Founded in 1989 as Virginians for Justice, Equality Virginia is the only state-wide, non-partisan education, outreach and advocacy organization seeking equality for gay, lesbian, bisexual and transgender Virginians. Equality Virginia believes in a truly inclusive Commonwealth where all are equally welcomed and valued, regardless of sexual orientation or gender identity.

EV Praises Board of Juvenile Justice for Protecting LGBTQ Youth; Criticizes Attorney General’s Continued Opposition to Nondiscrimination Rules

(Richmond, Virginia) James Parrish, the Executive Director of Equality Virginia, issued the following statement in response to today’s action by the Board of Juvenile Justice to include protection against discrimination based on sexual orientation in new rules governing residential facilities overseen by the Department of Juvenile Justice Services.

“EqualityVirginiacontinues to be grateful that the Board and the professional staff of the Department of Juvenile Justice recognize the vulnerable position of the youth in their care who are lesbian, gay, bi-sexual, transgender and questioning (LGBTQ) and their ongoing need for protection from discrimination in non-residential and residential programs operated under the Department’s auspices.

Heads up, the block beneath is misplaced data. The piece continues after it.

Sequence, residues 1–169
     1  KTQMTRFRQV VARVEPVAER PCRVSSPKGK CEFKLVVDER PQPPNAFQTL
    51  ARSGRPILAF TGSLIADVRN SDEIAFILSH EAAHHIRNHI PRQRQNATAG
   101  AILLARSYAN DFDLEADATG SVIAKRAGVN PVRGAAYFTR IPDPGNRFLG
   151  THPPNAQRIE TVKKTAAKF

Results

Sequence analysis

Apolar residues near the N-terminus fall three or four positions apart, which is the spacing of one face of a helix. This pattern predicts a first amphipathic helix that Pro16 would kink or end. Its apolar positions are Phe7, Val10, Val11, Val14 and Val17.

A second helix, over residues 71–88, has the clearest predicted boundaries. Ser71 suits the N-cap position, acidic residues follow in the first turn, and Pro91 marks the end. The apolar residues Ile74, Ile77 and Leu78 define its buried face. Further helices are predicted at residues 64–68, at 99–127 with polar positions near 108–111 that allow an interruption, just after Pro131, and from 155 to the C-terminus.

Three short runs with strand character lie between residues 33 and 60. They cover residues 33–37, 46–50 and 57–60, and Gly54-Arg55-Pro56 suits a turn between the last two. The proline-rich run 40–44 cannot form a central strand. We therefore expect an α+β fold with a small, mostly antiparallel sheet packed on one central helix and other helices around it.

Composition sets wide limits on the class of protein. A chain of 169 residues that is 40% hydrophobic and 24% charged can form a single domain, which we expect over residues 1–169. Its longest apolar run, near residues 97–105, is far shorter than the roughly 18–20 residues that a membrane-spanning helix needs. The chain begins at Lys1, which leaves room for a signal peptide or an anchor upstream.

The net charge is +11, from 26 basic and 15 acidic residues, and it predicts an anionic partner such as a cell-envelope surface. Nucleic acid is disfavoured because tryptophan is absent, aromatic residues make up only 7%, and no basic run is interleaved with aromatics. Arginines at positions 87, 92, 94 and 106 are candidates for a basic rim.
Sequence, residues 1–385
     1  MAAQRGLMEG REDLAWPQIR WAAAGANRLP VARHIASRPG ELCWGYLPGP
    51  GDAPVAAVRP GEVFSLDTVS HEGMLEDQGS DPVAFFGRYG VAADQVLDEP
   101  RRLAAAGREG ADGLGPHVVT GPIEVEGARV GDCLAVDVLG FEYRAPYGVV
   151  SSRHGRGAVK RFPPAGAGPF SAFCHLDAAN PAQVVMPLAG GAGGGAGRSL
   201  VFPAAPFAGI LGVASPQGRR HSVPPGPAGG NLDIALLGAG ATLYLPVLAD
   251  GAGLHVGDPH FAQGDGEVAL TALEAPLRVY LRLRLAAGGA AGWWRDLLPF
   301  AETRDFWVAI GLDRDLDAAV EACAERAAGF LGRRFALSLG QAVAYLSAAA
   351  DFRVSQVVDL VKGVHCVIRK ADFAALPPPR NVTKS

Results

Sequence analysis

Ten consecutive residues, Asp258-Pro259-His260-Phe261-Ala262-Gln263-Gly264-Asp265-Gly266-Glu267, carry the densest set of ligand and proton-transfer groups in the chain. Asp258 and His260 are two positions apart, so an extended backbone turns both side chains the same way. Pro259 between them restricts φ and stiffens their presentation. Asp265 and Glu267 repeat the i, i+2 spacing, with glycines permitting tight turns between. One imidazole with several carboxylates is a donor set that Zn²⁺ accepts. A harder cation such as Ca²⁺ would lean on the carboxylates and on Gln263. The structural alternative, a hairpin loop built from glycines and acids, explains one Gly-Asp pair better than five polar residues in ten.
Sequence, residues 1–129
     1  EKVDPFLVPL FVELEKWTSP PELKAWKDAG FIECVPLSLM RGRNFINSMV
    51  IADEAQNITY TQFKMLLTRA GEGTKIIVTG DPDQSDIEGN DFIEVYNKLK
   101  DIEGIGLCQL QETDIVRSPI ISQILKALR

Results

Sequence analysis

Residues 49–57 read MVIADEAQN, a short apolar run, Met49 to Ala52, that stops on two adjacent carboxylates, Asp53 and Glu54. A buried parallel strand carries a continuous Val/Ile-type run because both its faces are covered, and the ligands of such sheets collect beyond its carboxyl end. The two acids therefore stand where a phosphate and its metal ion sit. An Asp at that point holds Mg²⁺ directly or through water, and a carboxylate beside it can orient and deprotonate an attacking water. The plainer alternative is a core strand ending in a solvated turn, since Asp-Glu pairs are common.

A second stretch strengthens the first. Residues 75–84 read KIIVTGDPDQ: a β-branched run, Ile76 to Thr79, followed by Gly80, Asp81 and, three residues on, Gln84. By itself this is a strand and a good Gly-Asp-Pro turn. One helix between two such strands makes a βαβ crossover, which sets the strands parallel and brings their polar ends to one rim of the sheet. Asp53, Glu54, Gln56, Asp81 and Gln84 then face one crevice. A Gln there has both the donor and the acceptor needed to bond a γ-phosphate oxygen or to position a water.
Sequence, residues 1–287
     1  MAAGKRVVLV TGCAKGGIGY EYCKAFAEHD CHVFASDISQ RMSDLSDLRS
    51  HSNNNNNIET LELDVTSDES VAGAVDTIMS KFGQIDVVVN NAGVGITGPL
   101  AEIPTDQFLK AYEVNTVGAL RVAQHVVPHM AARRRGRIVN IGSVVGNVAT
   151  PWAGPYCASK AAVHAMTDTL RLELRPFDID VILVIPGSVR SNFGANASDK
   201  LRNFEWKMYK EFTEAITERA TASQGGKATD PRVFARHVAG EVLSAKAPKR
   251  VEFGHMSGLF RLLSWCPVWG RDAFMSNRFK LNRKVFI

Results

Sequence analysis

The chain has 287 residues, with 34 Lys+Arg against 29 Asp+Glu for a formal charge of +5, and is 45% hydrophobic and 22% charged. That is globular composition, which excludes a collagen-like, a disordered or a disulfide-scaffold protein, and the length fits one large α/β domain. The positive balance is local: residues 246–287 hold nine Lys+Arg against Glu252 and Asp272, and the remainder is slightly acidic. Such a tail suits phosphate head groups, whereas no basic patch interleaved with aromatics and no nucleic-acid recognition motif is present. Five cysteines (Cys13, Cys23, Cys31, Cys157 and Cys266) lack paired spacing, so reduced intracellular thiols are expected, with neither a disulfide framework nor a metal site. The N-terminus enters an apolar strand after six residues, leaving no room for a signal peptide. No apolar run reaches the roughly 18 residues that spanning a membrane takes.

We particularly appreciate the Board’s vote today (5-1) to continue to include specific language outlawing discrimination based on sexual orientation in rules governing residential facilities. The Board had been advised by the Attorney General’s Office to strip such protections from the residential rules largely on policy grounds.  We are glad that the Board chose not to heed that advice and to continue in effect protections against discrimination in department residential programs that have been in place since 2005.

This is not the first time that the Attorney General’s Office has tried to impose Attorney General Cuccinelli’s personal views about gays and lesbians on agencies that deserve, but are not getting, objective legal advice.  An overwhelming majority of Virginians agree that discrimination based on sexual orientation and gender identity is wrong, and the Governor’s Executive Directive No. 1 accurately says it is unconstitutional.  Representatives of the Attorney General’s office have badgered and pressured citizens appointed to public boards, who take an oath to uphold the Constitution, to follow his policy directives, even threatening to refuse to represent them or suggesting they might be held personally liable in some future lawsuit if they don’t.  It’s time for this bullying to stop and for these board members to be advised objectively about their authority to act affirmatively to carry out their oaths.”